|Korean writing systems|
|Chos?n'g?l (in North Korea)|
McCune-Reischauer romanization is one of the two most widely used Korean language romanization systems. A modified version of McCune-Reischauer was the official romanization system in South Korea until 2000, when it was replaced by the Revised Romanization of Korean system. A variant of McCune-Reischauer is still used as the official system in North Korea.
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Under the McCune-Reischauer system, aspirated consonants like p', k', and t' are distinguished by apostrophe from unaspirated ones, which may be falsely understood as a separator between syllables (as in -> twich'agi, which consists of the syllables twi, ch'a and gi). The apostrophe is also used to mark transcriptions of (n'g) as opposed to ? (ng): -> chan'g?m vs. -> chang?m), so these diverse applications of apostrophe made people confused once omitted. Also, the breve (?) is used to differentiate vowels in Korean. So if the apostrophe and breve are omitted, as on the internet, this made it impossible to differentiate between aspirated consonants k',t',p' and ch' and unaspirated consonants k,t,p and ch, separator between syllables, transcriptions of (n'g) to ? (ng) and vowels ? and ?, and ? and ?.
An omission of apostrophe in internet and breve (?) in keyboard was the primary reason the South Korean government adopted a revised system of romanization in 2000. However, critics of the revised system claim it fails to represent ? and ? in a way that is easily recognizable and misrepresents the way that the unaspirated consonants are actually pronounced. However, the counterargument for this assertion is that it is impossible to find perfectly matching pairs of letters between the two different writing systems, Latin script and Hangul, and priority should be given to revised system of romanization created by the help of many Korean linguists at the National Academy of the Korean Language over a five-year period than the McCune-Reischauer system created by two foreigners with the help of three Korean linguists over a two-year period during the Japanese colonial era.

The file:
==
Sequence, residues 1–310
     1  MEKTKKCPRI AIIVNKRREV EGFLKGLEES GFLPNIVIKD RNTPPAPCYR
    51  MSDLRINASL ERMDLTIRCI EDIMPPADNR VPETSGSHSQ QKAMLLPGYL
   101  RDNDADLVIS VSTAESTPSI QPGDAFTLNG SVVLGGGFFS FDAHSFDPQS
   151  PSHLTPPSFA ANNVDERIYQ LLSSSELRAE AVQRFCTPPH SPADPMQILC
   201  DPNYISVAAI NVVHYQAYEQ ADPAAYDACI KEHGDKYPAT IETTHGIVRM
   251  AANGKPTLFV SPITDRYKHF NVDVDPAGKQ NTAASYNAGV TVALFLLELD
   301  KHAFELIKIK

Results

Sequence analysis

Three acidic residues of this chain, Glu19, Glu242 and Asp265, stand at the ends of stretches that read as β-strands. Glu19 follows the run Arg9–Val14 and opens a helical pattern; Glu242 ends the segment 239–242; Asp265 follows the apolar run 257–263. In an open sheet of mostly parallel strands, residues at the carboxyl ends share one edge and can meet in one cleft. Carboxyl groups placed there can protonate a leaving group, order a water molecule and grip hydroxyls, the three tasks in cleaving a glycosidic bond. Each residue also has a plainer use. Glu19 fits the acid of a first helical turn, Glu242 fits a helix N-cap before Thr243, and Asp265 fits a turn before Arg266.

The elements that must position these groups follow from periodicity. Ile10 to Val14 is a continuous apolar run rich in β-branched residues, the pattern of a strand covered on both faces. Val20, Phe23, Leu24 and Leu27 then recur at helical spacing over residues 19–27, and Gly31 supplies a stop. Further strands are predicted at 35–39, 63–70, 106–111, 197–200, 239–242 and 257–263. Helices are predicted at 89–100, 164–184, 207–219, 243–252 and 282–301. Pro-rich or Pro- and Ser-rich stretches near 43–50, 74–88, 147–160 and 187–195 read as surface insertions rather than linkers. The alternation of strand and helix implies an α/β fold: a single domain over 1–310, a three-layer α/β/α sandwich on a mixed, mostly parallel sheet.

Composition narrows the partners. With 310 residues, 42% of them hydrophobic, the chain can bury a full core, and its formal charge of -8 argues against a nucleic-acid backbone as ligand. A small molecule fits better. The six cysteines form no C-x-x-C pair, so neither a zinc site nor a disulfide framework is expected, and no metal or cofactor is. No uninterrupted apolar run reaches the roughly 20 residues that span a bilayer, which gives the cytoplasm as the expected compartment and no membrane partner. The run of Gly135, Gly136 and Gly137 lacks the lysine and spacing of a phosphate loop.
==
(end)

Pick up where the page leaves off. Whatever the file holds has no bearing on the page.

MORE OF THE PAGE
Meanwhile, despite official adoption of the new system in South Korea, North Korea uses a version of McCune-Reischauer, which does not accurately represent the phonetic characteristics of the Korean language.
This is a simplified guide for the McCune-Reischauer system. It is often used for the transliteration of names but does not convert every word properly, as several Korean letters are pronounced differently depending on their position.
|Initial consonant of the next syllable|
For ?, ?, ?, and ?, the letters g, d, b, or j are used if voiced, k, t, p, or ch otherwise. Pronunciations such as those take precedence over the rules in the table above.
In North Korea's variant of McCune-Reischauer, aspirated consonants are not represented by an apostrophe but are instead by adding an "h". For example, is written as Phy?ngs?ng. The original system would have it written as P'y?ngs?ng.
However, the consonant ? is transcribed as "ch", and not "chh", while ? is transcribed as "j". For example, is spelled "Juche", and not "Chuch'e", as it would be transcribed using the original system.
The North Korean variant renders names of people with each syllable capitalized and no hyphenation between syllables of given names: e.g. "Kim Il Sung" for Kim Il-sung. Native Korean names, however, are written without syllabic division.
A variant of McCune-Reischauer was in official use in South Korea from 1984 to 2000. The following are the differences between the original McCune-Reischauer and the South Korean variant:
The following table illustrates the differences above.
|Word||McCune-Reischauer||South Korean variant||Meaning|
|?||hoesaës?||hoesa-es?||at a company|
|ch'agoë||ch'ago-e||in a garage|
|chikhalsi||chik'alshi||directly governed city|
|mothada||mot'ada||to be poor at|
The Kontsevich system, based on the earlier Kholodovich system, is used for transliterating Korean into the Cyrillic script. Like McCune-Reischauer romanization it attempts to represent the pronunciation of a word, rather than provide letter-to-letter correspondence.